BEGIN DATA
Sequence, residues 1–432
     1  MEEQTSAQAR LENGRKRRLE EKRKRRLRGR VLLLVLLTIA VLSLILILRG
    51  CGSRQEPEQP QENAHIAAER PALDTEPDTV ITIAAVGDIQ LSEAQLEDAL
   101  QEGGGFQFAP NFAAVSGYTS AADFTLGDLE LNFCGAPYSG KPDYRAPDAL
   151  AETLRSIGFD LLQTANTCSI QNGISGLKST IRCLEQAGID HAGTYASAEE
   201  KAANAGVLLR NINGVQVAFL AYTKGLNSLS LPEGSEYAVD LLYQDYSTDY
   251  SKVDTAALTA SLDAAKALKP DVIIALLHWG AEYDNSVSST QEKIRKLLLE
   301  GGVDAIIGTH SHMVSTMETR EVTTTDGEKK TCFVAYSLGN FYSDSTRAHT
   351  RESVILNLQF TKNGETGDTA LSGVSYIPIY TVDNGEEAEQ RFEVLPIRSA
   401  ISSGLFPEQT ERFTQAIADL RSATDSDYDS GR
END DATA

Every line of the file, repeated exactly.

Sequence, residues 1–432
     1  MEEQTSAQAR LENGRKRRLE EKRKRRLRGR VLLLVLLTIA VLSLILILRG
    51  CGSRQEPEQP QENAHIAAER PALDTEPDTV ITIAAVGDIQ LSEAQLEDAL
   101  QEGGGFQFAP NFAAVSGYTS AADFTLGDLE LNFCGAPYSG KPDYRAPDAL
   151  AETLRSIGFD LLQTANTCSI QNGISGLKST IRCLEQAGID HAGTYASAEE
   201  KAANAGVLLR NINGVQVAFL AYTKGLNSLS LPEGSEYAVD LLYQDYSTDY
   251  SKVDTAALTA SLDAAKALKP DVIIALLHWG AEYDNSVSST QEKIRKLLLE
   301  GGVDAIIGTH SHMVSTMETR EVTTTDGEKK TCFVAYSLGN FYSDSTRAHT
   351  RESVILNLQF TKNGETGDTA LSGVSYIPIY TVDNGEEAEQ RFEVLPIRSA
   401  ISSGLFPEQT ERFTQAIADL RSATDSDYDS GR